Tuesday, November 18, 2014

A teacher’s response to school reformers

From high-school English teacher Ian Altman: Seven things teachers are sick of hearing from school reformers (The Washington Post). Move past the listicle title and you’ll find a deeply thoughtful response to school reformers. One choice passage:

Educators talk about and analyze test score data, and supposedly let that data “drive instruction,” but the truth is that numbers and measurements gleaned from those tests are not data.

They are a flat, bleached replacement of data, because they replace the substance of learning with an abstraction, a false image of learning, much the way Descartes replaced the idea of physical things with the concept of graphable spatial extension. The acts of thinking, learning, and knowing, are not objects that can be replaced with abstractions about thinking, learning, and knowing. In that specific but crucial sense, all school test data are fake.
I wish I had had Mr. Altman for English.

comments: 4

Zhoen said...

Of if not exactly fake, then certainly delusional.

The Arthurian said...

I am sympathetic, but...

"Descartes replaced the idea of physical things with the concept of graphable spatial extension."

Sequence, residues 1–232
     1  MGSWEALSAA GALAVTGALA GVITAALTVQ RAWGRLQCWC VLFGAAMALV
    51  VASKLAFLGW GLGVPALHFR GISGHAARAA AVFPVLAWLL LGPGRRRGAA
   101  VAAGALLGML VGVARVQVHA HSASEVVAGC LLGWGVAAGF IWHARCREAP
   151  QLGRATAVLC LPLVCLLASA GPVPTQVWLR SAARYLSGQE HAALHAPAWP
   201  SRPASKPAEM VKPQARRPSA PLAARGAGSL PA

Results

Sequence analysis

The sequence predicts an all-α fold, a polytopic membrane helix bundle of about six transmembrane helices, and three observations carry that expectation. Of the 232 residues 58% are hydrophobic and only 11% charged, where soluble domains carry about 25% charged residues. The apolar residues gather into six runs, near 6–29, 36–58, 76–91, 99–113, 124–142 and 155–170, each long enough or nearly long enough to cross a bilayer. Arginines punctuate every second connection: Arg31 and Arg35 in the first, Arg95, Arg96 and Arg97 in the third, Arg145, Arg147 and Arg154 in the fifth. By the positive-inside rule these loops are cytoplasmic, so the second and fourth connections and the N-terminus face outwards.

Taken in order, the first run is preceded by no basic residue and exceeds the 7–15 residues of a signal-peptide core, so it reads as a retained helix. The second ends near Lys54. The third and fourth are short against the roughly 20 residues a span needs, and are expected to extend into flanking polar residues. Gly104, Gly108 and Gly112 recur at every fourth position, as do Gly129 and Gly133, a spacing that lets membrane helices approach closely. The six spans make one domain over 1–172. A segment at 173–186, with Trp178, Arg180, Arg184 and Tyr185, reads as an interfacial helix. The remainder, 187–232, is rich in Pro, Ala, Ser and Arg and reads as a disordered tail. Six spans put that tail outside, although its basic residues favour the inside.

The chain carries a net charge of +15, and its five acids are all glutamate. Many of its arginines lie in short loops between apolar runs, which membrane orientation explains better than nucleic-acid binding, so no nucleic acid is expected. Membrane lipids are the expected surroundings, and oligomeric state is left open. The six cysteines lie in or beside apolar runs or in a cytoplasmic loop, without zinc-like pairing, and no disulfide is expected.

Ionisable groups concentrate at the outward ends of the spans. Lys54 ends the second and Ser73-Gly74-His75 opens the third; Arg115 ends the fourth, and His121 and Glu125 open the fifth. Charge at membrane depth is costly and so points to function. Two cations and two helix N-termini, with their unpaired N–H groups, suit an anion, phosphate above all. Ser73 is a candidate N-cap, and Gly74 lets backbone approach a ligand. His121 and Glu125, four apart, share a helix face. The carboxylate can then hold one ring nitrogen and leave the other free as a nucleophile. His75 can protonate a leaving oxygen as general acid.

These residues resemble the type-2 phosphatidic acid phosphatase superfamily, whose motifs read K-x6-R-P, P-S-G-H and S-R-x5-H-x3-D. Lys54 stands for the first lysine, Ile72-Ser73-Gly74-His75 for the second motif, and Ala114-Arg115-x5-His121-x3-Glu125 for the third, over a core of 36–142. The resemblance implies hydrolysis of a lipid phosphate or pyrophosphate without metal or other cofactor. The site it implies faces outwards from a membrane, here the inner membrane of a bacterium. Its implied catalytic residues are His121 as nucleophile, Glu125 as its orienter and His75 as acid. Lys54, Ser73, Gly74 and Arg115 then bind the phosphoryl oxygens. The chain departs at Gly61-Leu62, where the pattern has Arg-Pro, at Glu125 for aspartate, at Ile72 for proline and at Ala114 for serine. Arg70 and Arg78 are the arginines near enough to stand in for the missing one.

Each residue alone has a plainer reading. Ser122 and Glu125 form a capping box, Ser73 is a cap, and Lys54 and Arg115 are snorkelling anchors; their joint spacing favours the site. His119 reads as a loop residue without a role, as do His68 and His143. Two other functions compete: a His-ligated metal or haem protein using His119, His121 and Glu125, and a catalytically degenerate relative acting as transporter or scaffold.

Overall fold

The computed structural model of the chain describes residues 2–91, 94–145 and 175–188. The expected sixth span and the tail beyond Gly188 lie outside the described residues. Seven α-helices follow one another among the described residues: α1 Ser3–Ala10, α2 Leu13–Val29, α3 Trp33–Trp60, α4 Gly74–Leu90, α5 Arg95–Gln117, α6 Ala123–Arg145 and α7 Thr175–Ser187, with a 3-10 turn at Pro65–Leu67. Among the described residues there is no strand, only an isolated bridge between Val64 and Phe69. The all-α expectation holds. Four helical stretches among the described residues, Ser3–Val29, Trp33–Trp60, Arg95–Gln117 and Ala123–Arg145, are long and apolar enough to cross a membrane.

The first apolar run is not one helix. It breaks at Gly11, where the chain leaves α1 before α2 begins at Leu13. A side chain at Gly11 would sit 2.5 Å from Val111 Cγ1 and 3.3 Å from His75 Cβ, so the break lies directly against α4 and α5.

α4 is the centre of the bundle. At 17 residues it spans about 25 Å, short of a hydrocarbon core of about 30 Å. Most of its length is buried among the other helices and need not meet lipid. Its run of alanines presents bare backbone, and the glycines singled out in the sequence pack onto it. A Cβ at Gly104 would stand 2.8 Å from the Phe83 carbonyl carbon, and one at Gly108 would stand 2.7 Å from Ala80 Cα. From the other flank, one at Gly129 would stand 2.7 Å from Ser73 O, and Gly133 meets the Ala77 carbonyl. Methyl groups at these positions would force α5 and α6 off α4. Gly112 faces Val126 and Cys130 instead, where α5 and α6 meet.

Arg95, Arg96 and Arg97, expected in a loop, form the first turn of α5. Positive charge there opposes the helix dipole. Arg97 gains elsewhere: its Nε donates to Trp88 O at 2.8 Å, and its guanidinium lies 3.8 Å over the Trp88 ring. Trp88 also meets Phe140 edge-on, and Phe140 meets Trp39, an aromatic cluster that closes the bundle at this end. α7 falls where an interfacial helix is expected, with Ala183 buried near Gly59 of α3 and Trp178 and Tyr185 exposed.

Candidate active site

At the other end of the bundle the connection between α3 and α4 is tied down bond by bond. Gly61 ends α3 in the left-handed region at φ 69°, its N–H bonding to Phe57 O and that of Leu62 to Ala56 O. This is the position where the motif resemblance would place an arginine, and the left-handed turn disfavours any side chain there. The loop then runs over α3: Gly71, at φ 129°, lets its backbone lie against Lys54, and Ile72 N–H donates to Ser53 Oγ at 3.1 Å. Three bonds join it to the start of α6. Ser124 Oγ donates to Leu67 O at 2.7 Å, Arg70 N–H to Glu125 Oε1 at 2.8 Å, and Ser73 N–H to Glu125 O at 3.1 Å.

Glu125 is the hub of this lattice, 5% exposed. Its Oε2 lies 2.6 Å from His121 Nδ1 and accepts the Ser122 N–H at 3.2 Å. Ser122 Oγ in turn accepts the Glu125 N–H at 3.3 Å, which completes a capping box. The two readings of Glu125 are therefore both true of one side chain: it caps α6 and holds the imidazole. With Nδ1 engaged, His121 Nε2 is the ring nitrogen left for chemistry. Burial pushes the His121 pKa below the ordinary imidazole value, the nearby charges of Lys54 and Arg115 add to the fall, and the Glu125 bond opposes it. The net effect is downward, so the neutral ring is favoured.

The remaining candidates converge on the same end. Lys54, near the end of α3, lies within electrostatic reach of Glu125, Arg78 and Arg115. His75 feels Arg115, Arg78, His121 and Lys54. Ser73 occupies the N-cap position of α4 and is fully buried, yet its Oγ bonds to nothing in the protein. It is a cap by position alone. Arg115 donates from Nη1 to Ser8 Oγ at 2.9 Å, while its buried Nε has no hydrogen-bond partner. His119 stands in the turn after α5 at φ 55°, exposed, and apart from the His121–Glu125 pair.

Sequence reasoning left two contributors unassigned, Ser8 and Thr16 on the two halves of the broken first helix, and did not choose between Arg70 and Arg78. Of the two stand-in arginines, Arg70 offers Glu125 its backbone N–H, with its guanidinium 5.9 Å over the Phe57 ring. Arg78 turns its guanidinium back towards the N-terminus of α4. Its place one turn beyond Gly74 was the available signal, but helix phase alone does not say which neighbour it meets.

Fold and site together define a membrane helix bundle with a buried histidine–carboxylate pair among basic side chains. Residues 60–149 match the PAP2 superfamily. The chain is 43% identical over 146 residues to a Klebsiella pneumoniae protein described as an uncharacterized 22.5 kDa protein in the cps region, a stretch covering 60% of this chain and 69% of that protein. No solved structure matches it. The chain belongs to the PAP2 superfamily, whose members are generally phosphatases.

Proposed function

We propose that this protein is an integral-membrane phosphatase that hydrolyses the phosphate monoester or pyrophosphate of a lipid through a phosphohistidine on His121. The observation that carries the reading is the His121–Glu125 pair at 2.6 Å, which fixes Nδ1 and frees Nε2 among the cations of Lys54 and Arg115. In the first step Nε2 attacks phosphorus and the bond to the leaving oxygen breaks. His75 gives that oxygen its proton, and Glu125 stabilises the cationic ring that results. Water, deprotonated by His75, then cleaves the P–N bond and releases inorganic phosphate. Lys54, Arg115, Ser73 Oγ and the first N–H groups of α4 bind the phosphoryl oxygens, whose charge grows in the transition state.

Is this part of the "people who like English don't like math" thing?

I wish I had Mr. Descartes for math.

Michael Leddy said...

I can’t imagine that Altman has anything against real data. I think his point is that standardized tests are not a measure of genuine learning. I’ll quote Jacques Barzun on multiple-choice tests: “Knowing something means the power to summon up facts and their significance in the right relations. Mechanical testing does not foster this power.”

I had Mr. Descartes for philosophy, but I liked Mr. Wittgenstein’s class a lot more. : )

Elaine said...

I would forward this to my state legislators, but they wouldn't know what the heck you were talking about. Sadly.
I wasn't educated in this state except for grades 2 through 5....and those *were* the good old days. Teachers knew their subjects (but, alas, were not proficient in all of them) and only every other year were the Iowa Tests of Basic Skills administered. That was appropriate testing--they were measuring the underpinnings for advanced learning, thought, and achievement.